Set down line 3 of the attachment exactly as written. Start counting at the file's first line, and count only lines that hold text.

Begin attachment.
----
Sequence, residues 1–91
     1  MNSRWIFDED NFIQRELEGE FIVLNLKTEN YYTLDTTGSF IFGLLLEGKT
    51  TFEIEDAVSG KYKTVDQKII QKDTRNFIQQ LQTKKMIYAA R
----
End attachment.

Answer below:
    51  TFEIEDAVSG KYKTVDQKII QKDTRNFIQQ LQTKKMIYAA R